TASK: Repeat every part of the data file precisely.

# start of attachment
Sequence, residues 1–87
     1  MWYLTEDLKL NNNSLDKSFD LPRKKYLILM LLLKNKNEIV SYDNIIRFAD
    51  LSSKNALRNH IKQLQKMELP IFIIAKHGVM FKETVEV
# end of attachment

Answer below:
Sequence, residues 1–87
     1  MWYLTEDLKL NNNSLDKSFD LPRKKYLILM LLLKNKNEIV SYDNIIRFAD
    51  LSSKNALRNH IKQLQKMELP IFIIAKHGVM FKETVEV